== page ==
It would be interesting to know how many of these students had traditional gender identities before college.

MedPage Today reports:

78% of Non-Cisgender College Students Report Mental Health Symptoms

College students with nontraditional gender identities reported two to four times as many symptoms of mental health conditions as cisgender students, according to cross-sectional survey data.

Among 65,213 students, about half of cisgender students and three-quarters of gender minorities — including transgender, genderqueer, and self-identifying gender students — reported symptoms of depression, anxiety, eating disorders, or nonsuicidal self-injury, reported Sarah Ketchen Lipson, PhD, of Boston University School of Public Health, and colleagues.

As shown in the study online in the American Journal of Preventive Medicine, transmasculine students (assigned female sex at birth) were a particularly vulnerable group compared with cisgender men, with a higher odds of meeting at least one mental health condition (odds ratio 3.9, 95% CI 2.9-5.1), including suicidal ideation (OR 2.6, 95% CI 2.1-3.2) and suicide attempts (OR 2.31, 95% CI 1.4-3.9) after adjusting for sociodemographic variables and sexuality.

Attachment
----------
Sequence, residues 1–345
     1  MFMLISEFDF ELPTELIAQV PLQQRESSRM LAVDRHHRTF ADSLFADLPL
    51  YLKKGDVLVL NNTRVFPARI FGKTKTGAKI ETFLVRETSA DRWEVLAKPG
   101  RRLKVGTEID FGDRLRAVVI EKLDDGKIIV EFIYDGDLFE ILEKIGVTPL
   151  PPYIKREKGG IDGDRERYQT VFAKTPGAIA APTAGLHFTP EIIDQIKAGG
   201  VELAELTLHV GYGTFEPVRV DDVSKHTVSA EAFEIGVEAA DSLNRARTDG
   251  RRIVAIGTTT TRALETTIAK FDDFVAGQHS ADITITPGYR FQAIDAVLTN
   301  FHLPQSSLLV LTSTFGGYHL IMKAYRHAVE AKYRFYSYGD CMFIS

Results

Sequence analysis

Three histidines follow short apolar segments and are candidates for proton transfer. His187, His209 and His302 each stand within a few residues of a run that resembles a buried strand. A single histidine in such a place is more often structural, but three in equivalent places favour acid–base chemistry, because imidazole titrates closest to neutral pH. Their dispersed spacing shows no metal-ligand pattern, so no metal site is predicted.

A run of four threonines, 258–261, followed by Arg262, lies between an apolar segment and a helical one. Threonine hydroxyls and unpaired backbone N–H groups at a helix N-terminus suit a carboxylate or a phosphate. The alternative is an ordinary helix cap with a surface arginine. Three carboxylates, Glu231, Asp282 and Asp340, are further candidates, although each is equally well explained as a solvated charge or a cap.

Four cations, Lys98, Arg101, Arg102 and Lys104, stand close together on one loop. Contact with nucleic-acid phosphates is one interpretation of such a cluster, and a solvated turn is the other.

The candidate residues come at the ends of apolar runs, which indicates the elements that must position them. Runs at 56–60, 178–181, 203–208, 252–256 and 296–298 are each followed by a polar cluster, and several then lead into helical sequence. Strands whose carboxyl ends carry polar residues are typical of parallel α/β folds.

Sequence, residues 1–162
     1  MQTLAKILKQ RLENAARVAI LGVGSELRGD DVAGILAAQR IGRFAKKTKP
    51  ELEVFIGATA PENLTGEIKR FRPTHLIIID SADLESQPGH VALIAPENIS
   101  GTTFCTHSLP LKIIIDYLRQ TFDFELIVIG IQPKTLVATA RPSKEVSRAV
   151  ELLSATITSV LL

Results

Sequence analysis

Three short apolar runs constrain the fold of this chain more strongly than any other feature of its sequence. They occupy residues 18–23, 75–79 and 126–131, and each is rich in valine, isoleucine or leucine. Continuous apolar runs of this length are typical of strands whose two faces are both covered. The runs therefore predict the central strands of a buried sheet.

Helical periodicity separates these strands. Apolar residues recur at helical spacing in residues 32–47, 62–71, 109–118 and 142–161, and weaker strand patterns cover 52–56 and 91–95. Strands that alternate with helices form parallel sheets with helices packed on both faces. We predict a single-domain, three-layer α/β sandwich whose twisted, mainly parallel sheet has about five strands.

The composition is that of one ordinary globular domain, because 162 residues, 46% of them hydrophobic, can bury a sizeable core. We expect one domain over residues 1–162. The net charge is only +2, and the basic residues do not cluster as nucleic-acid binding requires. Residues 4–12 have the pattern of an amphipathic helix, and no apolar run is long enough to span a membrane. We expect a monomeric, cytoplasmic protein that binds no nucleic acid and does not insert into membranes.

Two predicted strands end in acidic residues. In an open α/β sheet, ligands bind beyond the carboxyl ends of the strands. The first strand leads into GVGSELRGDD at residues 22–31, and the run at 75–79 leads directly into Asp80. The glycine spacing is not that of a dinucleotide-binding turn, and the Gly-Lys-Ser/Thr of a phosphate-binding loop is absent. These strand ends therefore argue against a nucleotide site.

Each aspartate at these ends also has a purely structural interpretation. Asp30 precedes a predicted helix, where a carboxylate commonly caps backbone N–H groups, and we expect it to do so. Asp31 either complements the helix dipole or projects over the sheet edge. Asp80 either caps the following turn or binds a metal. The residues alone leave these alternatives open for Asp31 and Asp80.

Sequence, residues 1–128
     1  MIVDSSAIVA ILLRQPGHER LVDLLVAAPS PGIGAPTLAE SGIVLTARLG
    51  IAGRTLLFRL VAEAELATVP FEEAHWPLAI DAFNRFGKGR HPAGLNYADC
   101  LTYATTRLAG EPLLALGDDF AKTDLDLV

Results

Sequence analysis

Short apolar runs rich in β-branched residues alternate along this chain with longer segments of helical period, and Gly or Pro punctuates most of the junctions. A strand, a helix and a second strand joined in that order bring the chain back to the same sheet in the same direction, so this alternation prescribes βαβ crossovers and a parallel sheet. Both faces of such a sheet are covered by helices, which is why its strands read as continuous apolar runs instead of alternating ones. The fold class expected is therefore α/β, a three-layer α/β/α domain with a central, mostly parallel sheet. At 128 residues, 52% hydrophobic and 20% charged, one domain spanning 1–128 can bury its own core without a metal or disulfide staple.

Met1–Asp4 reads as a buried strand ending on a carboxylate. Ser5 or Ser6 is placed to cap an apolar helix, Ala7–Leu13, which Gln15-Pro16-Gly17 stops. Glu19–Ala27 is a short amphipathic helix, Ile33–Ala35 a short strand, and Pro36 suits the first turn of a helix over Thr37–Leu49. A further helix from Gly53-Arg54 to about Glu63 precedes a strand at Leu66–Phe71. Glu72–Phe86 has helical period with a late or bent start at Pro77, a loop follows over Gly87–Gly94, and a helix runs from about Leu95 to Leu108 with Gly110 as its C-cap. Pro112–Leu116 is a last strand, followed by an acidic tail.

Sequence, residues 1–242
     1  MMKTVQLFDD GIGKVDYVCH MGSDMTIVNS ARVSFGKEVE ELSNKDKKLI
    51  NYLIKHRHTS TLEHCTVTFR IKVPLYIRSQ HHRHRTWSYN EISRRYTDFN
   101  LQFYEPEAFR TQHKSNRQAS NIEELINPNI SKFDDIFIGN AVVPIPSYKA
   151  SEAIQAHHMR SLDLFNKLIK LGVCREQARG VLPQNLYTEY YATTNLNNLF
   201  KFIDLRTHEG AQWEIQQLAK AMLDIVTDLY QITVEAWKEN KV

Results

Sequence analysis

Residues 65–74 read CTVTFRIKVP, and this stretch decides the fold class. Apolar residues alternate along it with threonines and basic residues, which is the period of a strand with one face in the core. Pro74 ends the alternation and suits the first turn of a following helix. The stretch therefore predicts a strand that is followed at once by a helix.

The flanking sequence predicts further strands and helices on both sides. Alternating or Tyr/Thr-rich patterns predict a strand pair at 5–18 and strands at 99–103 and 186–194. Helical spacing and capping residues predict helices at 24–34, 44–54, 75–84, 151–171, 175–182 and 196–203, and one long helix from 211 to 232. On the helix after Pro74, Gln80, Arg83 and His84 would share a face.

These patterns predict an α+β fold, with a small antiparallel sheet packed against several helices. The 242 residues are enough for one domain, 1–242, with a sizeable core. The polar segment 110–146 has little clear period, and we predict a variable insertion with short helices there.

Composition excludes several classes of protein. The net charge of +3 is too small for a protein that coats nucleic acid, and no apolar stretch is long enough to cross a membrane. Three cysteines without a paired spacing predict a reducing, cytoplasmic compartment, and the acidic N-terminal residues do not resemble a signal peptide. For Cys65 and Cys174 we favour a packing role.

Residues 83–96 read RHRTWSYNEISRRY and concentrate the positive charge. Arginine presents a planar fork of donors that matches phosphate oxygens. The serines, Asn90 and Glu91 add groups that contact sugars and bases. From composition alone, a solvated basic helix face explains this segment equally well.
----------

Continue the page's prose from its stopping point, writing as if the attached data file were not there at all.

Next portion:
Also vulnerable were genderqueer individuals, who, relative to transgender students and individuals with self-identified genders, had a higher prevalence of seven of the eight conditions evaluated, excluding suicide attempts, the team added.

The stigmatization of gender minorities produces stressors that can trigger psychological responses, leading to mental health vulnerabilities, said co-author Sara Abelson, MPH, of the University of Michigan in Ann Arbor.


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